Beales files for administration, but business as usual for now
It has survived for almost than 140 years, but department store chain Beales has gone into administration Monday as urgent talks to find a buyer failed to produce an offer for the firm.
The retailer, which was the subject of a management buyout in 2018, warned early last week that it was planning an administration filing as general high street weakness, disappointing Christmas trading and the heavy weight of business rates made survival without outside funds an impossibility.
KPMG is handling the administration process and said: "Despite interest from a number of parties, [the sale] process did not secure any solvent solutions for the company, and as a result, the directors took the difficult decision to place the companies into administration."
But what does that mean for the chain that reported a £3.1 million loss in its latest year? Well, one thing it’s unlikely to mean immediately is redundancy notices for its 1,300 staff (plus the 300 who work in the branded concessions it hosts) and a rapid closure of its 22 stores.
As mentioned, it has been in sale talks (last week it was reported that two bidders were eyeing the business) and there appear to be no plans to liquidate the firm after the administration filing. While it couldn't find a buyer pre-administration, it could be a more attractive prospect now as it would be easier for a new owner to shed unwanted stores and cherry-pick the best sites.
Despite the devastation on the UK high street, the company continues to appeal to many consumers in affluent towns like Bournemouth, Poole and Tonbridge and is also in the unique position for a UK department store of having a big focus on busy coastal towns.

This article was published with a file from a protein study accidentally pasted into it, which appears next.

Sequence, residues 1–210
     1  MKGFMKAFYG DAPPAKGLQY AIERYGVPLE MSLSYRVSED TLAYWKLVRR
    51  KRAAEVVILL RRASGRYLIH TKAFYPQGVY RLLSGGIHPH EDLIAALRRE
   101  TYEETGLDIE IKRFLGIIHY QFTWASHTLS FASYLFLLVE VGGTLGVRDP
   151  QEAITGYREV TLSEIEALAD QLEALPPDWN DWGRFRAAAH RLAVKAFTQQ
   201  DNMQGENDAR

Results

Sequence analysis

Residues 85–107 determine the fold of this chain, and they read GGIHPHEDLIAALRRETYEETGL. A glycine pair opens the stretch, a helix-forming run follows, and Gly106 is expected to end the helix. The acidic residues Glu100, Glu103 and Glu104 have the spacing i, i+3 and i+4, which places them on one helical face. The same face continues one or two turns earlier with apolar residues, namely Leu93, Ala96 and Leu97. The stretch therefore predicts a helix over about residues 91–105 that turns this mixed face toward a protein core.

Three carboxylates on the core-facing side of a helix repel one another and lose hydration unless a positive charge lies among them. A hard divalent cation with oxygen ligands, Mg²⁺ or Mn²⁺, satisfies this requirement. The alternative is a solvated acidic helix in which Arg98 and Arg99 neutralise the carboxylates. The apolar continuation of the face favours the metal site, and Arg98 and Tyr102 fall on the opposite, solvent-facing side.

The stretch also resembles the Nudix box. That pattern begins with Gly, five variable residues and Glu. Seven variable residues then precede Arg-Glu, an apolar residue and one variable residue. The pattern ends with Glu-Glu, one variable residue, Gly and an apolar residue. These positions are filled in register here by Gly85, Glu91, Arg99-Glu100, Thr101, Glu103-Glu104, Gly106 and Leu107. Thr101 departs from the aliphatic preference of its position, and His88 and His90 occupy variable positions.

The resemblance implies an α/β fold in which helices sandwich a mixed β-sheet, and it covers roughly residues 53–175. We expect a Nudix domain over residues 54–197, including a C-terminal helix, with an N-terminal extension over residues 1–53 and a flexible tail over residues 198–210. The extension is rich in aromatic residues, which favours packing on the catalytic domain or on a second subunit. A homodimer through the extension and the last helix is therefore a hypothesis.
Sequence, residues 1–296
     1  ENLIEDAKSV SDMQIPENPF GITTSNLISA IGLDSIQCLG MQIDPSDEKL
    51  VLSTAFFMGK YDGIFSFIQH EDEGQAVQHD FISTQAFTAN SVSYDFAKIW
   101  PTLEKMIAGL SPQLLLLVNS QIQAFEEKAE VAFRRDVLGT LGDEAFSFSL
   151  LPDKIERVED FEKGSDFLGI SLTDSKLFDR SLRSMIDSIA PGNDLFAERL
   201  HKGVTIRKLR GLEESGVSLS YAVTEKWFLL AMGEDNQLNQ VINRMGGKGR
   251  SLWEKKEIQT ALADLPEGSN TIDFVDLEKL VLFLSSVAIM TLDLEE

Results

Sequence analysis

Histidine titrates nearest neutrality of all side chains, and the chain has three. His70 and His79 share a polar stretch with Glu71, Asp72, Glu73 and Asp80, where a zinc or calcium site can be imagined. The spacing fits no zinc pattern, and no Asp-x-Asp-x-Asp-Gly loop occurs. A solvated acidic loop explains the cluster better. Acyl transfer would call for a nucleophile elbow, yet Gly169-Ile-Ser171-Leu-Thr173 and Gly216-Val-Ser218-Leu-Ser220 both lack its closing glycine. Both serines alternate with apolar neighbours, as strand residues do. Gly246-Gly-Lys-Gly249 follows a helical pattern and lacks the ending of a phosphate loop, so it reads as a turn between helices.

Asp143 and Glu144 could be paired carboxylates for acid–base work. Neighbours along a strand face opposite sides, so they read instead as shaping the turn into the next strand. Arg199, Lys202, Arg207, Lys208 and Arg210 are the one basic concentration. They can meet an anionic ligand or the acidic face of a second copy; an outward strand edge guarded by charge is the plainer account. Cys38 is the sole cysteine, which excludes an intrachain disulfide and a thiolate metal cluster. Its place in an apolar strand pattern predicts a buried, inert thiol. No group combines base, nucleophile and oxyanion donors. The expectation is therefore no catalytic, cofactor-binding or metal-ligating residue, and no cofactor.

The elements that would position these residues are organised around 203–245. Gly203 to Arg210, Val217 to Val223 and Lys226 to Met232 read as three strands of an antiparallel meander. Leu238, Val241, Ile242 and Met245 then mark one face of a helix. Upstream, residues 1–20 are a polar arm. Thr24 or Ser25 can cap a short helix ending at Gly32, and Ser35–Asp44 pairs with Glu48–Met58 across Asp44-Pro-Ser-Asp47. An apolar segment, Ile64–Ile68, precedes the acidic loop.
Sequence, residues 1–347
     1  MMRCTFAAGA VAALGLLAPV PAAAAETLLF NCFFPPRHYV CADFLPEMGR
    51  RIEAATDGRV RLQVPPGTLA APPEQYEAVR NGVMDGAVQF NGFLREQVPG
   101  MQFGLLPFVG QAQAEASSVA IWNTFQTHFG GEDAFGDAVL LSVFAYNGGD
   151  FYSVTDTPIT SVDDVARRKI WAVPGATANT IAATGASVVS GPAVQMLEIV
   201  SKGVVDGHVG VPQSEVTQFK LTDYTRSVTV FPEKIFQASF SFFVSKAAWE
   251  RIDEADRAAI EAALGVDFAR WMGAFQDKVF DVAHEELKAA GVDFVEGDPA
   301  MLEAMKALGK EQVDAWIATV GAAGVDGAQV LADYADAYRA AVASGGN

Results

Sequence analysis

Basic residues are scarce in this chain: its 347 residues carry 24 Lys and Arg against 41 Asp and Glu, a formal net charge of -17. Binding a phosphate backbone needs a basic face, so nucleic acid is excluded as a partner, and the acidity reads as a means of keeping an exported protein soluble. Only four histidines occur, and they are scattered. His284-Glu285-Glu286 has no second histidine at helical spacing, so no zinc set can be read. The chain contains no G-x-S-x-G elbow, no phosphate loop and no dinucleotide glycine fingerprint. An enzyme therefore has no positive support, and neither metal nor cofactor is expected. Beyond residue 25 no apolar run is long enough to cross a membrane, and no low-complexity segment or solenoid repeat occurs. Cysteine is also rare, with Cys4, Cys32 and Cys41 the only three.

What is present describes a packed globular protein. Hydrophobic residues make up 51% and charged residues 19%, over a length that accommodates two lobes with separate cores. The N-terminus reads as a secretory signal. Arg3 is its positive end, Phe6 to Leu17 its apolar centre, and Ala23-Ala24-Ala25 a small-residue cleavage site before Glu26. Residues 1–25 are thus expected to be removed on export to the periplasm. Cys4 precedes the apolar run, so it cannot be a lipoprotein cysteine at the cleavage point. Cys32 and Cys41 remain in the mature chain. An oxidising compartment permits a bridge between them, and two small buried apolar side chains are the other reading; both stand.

Despite the ’business as usual’ approach at present, it’s very likely that there will eventually be job losses and store closures under any new owner, whether that owner is an existing retail peer or an entity using private equity money.
As we mentioned, Beales has already survived for nearly 140 years but its history hasn’t been one of uninterrupted success until now. It has had its fair share of ups and downs during that period and when it was bought five years ago it was valued, at only £1.23 million. It also launched a company voluntary arrangement only a year after that. Since current CEO Tony Brown led an MBO in late 2018 (backed by restructuring specialist Hilco), it has faced devastating conditions on the high street, conditions that Brown said were the worst ever.
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